Advantages and Challenges

There are many potential advantages for application of precision medicine, which includes accurate and timely diagnosis, with more certain and more favourable treatment outcomes, allowing more patient and tumor specific treatment decisions, which ultimately helps in improvement of treatment outcomes with respect to survival and toxicities, and thereby of quality of life. It also aids for access to clinical trials, for more common as well as for rare diseases [5]. This is possible with a proper patient selection strategy based on matching the genomic features like driver mutation, amplification or pathway overexpression, is required which will lead to a rapid and successful outcome, with least related toxicities; but absence of a selection strategy may lead to a null effect. Though the precision medicine tools theoretically cause much less systemic toxicity due to their targeted approach than the non-specific cytotoxicity of classical chemotherapy, there are certain concerns over its efficacy. Since signalling in most cancers is not strictly via oncogene addiction pathways and due to the cancer heterogeneity and plasticity, targeted therapies may get primed for resistance, making the targeted pathway be bypassed by alternate rescue signalling [28]. There are certain practical challenges as well, from patient perspective like limitations for timely access, affordability, uncertainty in the potential harm resulting from data sharing or data security issues, uncertainties in impact of personal genetic information on family members and relatives [5]. Incomplete knowledge of implications of biomarkers or lack of understanding of risk prediction and interpretation, and the differences among treatment options raises concerns from the treating physician perspective. There are certain logistic concerns also like, preparedness for prognostic features and future insurance coverage, and regarding the practicality of providing a truly informed consent [5].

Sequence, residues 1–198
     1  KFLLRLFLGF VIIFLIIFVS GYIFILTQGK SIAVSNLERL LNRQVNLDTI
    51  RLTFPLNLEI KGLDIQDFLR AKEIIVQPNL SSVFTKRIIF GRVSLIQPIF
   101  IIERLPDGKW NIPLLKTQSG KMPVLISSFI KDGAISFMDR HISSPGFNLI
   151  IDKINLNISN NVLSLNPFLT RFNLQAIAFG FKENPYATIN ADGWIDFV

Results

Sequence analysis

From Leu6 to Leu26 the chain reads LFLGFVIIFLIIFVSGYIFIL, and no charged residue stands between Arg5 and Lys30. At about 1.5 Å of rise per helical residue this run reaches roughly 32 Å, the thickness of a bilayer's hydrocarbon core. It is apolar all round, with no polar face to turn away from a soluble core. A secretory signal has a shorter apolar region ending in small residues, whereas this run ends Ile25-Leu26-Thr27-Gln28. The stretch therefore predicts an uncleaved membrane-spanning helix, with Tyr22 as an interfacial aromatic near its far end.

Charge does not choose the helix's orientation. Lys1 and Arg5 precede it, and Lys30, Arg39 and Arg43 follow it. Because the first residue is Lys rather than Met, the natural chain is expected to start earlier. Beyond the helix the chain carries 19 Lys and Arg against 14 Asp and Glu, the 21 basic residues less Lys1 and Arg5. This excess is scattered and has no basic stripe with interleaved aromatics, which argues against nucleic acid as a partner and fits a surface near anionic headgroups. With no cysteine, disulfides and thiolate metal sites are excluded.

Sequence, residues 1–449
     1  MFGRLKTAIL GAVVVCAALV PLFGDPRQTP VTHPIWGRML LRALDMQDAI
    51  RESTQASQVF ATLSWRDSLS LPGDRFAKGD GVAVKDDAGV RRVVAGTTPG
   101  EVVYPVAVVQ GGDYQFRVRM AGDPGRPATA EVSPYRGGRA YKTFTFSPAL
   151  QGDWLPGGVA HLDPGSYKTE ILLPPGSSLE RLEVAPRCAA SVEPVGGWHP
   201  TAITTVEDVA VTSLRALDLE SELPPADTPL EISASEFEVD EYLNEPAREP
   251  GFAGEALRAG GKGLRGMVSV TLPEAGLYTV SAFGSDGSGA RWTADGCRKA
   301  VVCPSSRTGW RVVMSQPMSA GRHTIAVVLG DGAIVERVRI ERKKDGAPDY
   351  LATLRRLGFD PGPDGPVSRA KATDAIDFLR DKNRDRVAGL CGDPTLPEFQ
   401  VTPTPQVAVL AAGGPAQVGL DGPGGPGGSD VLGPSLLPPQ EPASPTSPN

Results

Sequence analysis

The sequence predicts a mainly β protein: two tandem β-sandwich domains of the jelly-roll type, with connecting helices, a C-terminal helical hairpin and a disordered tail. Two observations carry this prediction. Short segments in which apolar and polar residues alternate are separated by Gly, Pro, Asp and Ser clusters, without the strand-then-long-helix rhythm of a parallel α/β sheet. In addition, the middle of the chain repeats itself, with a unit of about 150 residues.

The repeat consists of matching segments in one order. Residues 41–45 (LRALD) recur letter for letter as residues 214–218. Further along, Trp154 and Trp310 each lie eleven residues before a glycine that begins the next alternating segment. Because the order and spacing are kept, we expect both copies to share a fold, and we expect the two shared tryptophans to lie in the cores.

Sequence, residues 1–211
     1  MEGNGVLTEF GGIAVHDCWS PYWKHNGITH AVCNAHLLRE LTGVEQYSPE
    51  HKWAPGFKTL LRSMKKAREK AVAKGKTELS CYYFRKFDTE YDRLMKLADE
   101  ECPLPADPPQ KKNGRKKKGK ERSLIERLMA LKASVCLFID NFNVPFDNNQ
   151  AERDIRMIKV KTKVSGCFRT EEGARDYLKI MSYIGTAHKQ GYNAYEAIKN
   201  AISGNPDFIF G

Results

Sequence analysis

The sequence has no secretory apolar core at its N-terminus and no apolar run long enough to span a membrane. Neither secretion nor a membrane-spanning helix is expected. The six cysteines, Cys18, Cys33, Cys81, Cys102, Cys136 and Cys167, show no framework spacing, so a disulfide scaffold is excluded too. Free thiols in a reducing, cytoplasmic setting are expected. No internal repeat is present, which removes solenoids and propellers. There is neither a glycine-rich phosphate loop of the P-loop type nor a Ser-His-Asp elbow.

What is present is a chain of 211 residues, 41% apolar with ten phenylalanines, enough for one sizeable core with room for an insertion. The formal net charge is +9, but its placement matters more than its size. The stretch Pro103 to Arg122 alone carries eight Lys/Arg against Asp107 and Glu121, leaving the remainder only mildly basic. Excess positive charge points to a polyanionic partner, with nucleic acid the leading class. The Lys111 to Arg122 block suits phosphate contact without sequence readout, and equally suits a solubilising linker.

Genomic Surveillance is fast emerging as a routine part of cancer diagnostics and therapeutics, for targeted drugs with immunotherapy, as an adjunct to radiation therapy and conventional chemotherapy as biomarkers for treatment response and resistance. The individualized approach with targeted treatment and further expansion by molecular analysis will provide biomarkers for more personalized therapies that eliminate malignant cells sparing normal cells, improving the therapeutic ratio, survival and quality of life.